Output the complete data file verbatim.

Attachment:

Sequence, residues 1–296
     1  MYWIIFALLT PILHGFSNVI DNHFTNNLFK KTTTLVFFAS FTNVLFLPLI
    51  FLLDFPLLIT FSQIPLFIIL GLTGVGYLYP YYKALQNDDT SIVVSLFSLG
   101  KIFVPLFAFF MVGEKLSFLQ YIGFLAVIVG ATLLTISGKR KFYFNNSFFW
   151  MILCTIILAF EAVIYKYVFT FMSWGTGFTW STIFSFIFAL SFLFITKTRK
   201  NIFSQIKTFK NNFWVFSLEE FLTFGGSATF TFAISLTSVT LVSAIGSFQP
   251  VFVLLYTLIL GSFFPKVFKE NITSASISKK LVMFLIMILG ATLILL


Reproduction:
Sequence, residues 1–296
     1  MYWIIFALLT PILHGFSNVI DNHFTNNLFK KTTTLVFFAS FTNVLFLPLI
    51  FLLDFPLLIT FSQIPLFIIL GLTGVGYLYP YYKALQNDDT SIVVSLFSLG
   101  KIFVPLFAFF MVGEKLSFLQ YIGFLAVIVG ATLLTISGKR KFYFNNSFFW
   151  MILCTIILAF EAVIYKYVFT FMSWGTGFTW STIFSFIFAL SFLFITKTRK
   201  NIFSQIKTFK NNFWVFSLEE FLTFGGSATF TFAISLTSVT LVSAIGSFQP
   251  VFVLLYTLIL GSFFPKVFKE NITSASISKK LVMFLIMILG ATLILL